Communication in sports is so important at all levels of play. Consider Super Bowl XLVIII played in February 2014. Denver’s Peyton Manning, after the most incredible NFL regular season by a quarterback ever, is barking out commands to his offense on the first play of the game from scrimmage when the snap goes sailing over his head. Seattle scores a safety on the play, setting the tone for the rest of the game: a 43-8 blowout for the Seahawks. Ever the professional, Manning absolved center Manny Ramirez of blame on the play, but the result of the confusion was clear: Miscommunication hampered, if not outright prevented, the Broncos’ chances of winning the Super Bowl.
At the youth sports level, poor team communication isn’t as much of an issue on the field or court—getting kids to talk to each other at all during games, about the game play, is a challenge by itself. The real issue is coaches, parents, and league administrators effectively communicating with each other. Too often, news of a rescheduling isn’t delivered, or parents assume a game is rained out when it’s still on, or events such as picture days are overlooked or forgotten simply because the involved parties stink at facilitating team communication. And the methods used by some sports leagues are just not helpful either—do you really think phone trees are efficient in this day and technological age? However, the situation isn’t hopeless. Here are four ways of boosting team communication without sacrificing too much time:
1. Automated solutions
Online league management software might be the best facilitator of team communication, with almost no additional work necessary. Instead of digging around spreadsheets or your smartphone’s contact lists for phone numbers or email addresses, the entire database of your league is easily accessible not only on an organizational level, but also on a team level. When a roster is set, contacts of a team’s coaches and families are automatically assembled. This software eliminates almost all of the scrambling—and extra time—needed to find contact information.
2. Text messaging
For decades, the struggle with team communication was that if someone wasn’t home to get a call about a rainout or rescheduled game, the news often wasn’t delivered. But then, cell phones became popular, and eventually, text messaging proliferated—everyone was now accessible almost all the time. Although this proved a boon for team communication, many leagues are still not using the power of texting for instant updates. Today’s online league management software encourages texting by simplifying the process—coaches and admins can send messages from the solution itself (instead of adding number after number on a smartphone), on their computers, tablets, or phones.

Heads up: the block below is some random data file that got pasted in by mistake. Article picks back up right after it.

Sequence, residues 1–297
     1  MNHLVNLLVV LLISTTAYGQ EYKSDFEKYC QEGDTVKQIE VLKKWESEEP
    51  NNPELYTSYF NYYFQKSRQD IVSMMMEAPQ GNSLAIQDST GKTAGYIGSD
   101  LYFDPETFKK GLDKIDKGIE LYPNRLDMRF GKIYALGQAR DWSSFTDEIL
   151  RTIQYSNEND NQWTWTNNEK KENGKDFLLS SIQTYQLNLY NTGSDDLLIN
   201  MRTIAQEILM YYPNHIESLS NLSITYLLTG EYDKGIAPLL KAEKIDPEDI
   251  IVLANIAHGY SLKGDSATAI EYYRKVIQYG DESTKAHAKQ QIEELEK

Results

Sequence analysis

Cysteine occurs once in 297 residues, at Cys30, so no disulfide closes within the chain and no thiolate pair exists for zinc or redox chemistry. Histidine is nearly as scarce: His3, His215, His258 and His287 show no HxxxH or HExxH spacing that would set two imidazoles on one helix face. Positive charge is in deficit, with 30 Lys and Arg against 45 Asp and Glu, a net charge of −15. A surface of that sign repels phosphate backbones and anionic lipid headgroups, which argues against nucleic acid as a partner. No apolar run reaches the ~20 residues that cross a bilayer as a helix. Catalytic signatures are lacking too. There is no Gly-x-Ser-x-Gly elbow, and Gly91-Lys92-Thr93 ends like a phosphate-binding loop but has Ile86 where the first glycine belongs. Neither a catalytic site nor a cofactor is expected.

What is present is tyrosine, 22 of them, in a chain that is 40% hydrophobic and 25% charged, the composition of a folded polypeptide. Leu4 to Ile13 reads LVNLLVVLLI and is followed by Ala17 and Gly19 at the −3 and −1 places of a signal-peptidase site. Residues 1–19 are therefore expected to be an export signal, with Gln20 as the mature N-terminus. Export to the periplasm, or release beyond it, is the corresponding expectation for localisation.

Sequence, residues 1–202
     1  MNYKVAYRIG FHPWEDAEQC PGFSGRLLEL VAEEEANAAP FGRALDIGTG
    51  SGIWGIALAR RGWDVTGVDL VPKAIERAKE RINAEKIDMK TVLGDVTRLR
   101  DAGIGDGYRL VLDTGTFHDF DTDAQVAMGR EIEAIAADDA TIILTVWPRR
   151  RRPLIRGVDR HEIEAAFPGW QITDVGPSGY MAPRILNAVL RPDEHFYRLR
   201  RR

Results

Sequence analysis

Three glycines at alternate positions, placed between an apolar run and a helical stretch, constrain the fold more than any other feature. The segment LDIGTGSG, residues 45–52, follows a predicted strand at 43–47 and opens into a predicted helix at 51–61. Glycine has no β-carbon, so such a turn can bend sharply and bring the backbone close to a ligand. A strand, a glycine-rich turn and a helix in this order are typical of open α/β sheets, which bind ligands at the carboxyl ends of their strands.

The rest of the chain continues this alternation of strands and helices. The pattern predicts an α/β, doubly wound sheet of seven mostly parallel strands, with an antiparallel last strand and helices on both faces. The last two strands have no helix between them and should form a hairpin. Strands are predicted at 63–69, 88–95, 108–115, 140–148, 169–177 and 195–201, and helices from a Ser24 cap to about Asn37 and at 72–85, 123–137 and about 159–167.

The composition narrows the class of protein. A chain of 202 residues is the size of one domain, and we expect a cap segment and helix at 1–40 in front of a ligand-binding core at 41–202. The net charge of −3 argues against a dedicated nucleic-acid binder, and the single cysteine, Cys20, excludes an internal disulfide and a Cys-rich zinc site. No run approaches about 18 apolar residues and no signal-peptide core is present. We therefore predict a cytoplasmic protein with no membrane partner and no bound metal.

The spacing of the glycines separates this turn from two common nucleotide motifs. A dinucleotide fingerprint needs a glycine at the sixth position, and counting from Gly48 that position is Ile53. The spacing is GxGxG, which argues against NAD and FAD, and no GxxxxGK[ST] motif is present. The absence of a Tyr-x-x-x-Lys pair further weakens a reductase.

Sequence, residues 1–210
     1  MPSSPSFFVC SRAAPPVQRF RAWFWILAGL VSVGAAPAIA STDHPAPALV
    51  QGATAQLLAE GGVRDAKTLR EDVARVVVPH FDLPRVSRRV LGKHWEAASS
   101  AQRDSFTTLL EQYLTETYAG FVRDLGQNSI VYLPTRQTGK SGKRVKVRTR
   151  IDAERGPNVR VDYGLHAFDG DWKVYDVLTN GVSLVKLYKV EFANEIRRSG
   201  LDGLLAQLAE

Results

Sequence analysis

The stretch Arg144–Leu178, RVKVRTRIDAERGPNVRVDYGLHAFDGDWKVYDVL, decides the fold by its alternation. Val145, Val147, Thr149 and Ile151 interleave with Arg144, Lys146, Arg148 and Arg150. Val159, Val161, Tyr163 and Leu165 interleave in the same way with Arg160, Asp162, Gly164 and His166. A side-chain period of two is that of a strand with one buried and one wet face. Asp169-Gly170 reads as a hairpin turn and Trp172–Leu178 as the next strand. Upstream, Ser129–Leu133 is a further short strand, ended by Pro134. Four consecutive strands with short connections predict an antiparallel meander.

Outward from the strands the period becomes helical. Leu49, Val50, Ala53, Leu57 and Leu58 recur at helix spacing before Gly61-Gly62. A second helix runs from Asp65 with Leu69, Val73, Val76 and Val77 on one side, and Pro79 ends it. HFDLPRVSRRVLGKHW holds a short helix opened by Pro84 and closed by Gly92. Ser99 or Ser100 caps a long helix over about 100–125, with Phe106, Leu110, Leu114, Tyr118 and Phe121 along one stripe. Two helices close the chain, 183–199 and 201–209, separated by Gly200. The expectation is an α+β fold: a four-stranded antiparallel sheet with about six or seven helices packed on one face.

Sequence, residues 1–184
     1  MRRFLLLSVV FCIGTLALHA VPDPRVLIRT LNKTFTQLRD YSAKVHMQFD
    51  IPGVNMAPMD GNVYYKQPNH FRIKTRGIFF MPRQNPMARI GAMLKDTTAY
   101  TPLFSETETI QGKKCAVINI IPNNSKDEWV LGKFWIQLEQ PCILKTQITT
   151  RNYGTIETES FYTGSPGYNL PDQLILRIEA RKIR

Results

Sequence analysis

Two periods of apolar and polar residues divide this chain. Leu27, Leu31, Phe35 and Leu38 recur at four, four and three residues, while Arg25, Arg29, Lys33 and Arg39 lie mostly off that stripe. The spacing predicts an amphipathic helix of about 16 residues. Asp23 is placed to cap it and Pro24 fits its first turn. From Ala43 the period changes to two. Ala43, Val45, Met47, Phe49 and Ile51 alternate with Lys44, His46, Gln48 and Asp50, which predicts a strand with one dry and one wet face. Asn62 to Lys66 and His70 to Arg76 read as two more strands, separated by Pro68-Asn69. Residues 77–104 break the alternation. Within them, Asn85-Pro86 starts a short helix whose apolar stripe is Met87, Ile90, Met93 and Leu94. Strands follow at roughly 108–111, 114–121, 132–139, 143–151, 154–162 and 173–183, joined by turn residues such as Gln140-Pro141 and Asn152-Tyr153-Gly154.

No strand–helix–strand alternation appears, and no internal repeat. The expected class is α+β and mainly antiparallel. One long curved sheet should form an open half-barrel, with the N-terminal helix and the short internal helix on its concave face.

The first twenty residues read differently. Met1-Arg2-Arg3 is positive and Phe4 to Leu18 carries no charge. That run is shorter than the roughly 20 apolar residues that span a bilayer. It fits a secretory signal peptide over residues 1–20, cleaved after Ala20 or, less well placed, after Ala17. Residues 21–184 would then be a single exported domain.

3. Email alerts
For breaking or non-breaking team and league news, emails are incredibly effective, especially considering most people now access these messages on their phones, too. Again, league management solutions help make this process easy because emails can be sent from the software and not necessarily from someone’s Yahoo or Hotmail account. A couple clicks (at most) guarantee that everyone is on the message, and new families are automatically added when they are placed on teams.
4. Team webpages
Besides communication tools, league management software offers team webpages, which can include photo galleries and message boards. The galleries are great for posting pictures, and the boards are another means for team communication. Snack schedules and car pools can be assembled this way, and discussions can be facilitated without the need for dozens of email replies. Furthermore, a team webpage emphasizes the concept of “team,” thus improving communication even more because parents and coaches are more connected with each other.
Is spreading the word about rainouts difficult for your league?